If you want something a little more country, give “Row Jimmy” a spin. The last track is “Sonnet.” I have no idea whether the lyrics actually are one.
Ha. Every time I see “noh wave” I giggle. But that is what they call this stuff. Proof that modern Japanese music doesn’t have to be J-pop, these guys gives us weird, brooding dream pop with progressive chords. “Queens” is like Cocteau Twins if they did prog rock.
“Reversal Crystal//Murder of a Spider” is very proggy. Good stuff for progtologists everywhere. (That’s keyword density right there, folks.) The other track I like is “A Star Over Pureland.” Wailing guitar and wailing vocals for your wailing souls. This song hits you like a shark attack. There’s not a lot of selling here. You’re either into that opera/prog sound or you’re not.
I used to work with this sweet old lady named Veronica Davis. Her son opened for The Devil Makes Three at the Catalyst in Santa Cruz. It was a favor to him I guess that they asked him to open for them (enough pronouns?), and so now I will return the favor on his behalf and review this record.
The Devil Makes Three are your standard banjo-based, hardly strictly bluegrass band, if there ever were one, with an edge. “Statesboro Blues” is a good introduction to the genre if you have no clue.
This is a live album (recorded at the Mystic Theater in Petaluma), by the way, which gives you all the proof you need that this band has actual fans. Similar to Woody Allen’s “Midnight in Paris,” there’s a large segment of the population that wishes things were like they were in the perceived good ol’ days, and that same segment loves shit like this. Give “Tow” a spin and reminisce about days that probably never existed, even if your grandpappy says otherwise.
“Graveyard” makes me think of what the Eagles would sound like if they had been a little bit country. I enjoyed “They Call That Religion” even if the song is just preaching to the choir. Actually, it’s much deeper than that, but with such a polarizing title, no one will notice.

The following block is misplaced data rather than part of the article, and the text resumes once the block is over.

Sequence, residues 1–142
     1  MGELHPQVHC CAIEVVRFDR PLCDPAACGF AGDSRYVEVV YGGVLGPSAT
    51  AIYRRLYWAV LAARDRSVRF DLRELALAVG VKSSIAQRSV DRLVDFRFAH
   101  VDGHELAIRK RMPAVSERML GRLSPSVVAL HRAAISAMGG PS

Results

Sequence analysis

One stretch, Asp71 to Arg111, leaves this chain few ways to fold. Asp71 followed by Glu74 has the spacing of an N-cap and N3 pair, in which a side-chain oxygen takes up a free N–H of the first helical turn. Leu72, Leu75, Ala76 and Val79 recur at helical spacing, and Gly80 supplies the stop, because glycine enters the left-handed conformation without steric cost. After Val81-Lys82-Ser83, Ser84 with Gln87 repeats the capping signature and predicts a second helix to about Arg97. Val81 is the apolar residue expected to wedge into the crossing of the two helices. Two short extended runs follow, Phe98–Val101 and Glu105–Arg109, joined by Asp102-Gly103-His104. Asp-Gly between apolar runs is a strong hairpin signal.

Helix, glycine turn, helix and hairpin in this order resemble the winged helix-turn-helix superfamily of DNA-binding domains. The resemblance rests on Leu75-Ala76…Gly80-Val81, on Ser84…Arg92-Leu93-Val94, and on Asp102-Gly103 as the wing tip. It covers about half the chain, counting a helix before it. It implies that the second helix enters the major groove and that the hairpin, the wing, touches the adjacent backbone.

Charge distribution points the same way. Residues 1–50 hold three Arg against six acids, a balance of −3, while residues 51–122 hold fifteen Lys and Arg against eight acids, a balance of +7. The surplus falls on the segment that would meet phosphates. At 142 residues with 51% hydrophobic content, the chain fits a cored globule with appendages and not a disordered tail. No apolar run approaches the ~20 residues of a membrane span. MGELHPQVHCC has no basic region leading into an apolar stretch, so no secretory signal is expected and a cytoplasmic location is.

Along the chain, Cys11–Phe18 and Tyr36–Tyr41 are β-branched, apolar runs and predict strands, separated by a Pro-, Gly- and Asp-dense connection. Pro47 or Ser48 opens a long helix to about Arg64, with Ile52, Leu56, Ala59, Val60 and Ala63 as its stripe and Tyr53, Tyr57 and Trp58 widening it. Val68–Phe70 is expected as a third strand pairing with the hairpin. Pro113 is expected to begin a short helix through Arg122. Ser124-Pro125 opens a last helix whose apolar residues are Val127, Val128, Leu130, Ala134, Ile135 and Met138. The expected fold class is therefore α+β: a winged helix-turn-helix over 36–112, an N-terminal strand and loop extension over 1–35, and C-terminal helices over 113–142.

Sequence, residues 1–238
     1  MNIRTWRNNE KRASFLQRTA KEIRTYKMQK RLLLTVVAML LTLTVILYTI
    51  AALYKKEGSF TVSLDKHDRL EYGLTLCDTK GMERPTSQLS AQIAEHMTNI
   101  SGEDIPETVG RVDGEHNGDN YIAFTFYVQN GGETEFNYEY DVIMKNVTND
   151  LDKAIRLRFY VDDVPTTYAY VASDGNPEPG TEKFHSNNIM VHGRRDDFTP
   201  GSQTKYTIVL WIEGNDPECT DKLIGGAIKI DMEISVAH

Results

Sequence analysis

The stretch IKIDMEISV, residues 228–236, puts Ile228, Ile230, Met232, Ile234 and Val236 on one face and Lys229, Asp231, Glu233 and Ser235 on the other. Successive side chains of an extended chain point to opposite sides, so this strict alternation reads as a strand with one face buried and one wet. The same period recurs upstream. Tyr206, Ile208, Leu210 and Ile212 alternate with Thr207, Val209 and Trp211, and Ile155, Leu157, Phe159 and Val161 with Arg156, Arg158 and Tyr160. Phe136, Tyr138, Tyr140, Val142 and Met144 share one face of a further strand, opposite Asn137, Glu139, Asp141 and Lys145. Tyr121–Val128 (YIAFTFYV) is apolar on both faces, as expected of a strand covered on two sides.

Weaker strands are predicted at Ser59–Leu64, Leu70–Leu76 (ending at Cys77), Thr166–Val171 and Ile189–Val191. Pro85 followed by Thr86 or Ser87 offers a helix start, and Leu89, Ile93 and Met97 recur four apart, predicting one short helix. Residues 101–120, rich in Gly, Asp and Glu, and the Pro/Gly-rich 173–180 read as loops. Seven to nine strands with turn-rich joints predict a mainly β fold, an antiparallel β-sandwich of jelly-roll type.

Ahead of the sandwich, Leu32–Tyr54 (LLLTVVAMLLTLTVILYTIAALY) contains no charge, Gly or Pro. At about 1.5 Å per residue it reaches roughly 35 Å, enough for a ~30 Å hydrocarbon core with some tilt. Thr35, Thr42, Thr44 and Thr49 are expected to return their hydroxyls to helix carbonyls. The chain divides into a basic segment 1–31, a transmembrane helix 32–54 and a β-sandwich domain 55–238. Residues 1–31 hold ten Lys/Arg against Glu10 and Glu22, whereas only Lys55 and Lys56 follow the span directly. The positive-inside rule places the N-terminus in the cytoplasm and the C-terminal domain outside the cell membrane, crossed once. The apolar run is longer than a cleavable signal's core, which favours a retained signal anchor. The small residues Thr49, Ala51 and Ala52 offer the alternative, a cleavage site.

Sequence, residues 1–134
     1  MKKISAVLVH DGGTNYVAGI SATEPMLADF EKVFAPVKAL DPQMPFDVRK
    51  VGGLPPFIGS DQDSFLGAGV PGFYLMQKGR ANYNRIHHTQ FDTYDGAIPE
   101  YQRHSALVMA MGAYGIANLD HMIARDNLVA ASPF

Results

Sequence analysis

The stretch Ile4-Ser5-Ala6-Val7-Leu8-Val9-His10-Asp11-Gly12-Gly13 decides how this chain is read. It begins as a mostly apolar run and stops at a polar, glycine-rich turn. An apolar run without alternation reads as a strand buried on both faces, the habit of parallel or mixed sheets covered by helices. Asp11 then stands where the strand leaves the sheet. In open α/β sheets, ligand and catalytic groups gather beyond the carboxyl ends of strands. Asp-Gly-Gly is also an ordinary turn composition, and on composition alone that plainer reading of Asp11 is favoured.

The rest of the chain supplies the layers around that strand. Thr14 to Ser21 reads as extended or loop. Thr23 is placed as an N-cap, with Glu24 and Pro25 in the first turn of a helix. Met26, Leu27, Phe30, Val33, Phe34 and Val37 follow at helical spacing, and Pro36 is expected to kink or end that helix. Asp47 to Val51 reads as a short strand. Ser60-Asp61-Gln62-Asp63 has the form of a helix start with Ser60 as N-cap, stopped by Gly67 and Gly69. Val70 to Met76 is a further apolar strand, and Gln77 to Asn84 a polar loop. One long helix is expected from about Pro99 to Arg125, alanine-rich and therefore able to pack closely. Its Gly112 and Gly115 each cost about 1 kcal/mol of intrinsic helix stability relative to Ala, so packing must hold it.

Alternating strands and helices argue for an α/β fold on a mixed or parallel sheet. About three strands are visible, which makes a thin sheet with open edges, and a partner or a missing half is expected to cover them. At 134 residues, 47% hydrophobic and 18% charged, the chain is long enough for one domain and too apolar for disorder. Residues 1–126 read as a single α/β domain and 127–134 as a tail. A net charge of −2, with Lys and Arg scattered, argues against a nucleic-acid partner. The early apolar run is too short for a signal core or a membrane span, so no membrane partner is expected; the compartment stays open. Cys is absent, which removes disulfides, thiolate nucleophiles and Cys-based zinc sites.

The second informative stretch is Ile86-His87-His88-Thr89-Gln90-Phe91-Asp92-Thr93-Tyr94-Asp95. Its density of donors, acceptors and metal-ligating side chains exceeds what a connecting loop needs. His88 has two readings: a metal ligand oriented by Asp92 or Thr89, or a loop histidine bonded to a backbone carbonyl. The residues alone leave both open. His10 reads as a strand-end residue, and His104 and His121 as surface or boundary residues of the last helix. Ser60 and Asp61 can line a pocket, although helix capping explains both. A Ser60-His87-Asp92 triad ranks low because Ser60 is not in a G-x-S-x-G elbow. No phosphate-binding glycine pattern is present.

You can get jiggy with “Black Irish,” which is probably racially insensitive, but those are the risks you take with puns. Actually, it’s one of the best tracks on here.
This act reminds me of Baxter: vaguely industrial with a female lead singer that doesn’t hide her British accent. “Your Body Is a Machine” reminds me a bit of Dubstar as well. So electronic Britpop it is, for you pigeon-holers out there. I love it. It’s not trippy, like Portishead. It’s much more like Lush.
“Wolves” is more ’80s in sound at the beginning, like Berlin, before regressing into Metro Station-type vocals. However, there are also parts that remind me of Men Without Hats’ “Moonbeam.” High praise, indeed.
Although songwriting isn’t generally the strength of these types of acts, “Prisoner” throws a bone to those who want mildly thought-provoking lyrics. You’re better off focusing on the music with this genre, though. That’s why it exists.
The last track is a remix of “Skeleton.” I prefer it to the original version. This one is for Republica and Sahara Hotnights fans. I know a few of those are left.
I’m pretty crazy about this one. I hope we get more of their stuff in.
It’s just a single. Standard modern indie rock fare focusing on a dude singing, especially in the chorus. It does the job of getting you excited, so here’s hoping I can hear a full-length to see whether there’s any creativity with this band. No obvious hooks, but the song flows well and belongs on most college radio shows. Oh, and it features Janelle Monae, who everyone seems to love. See? Now you care.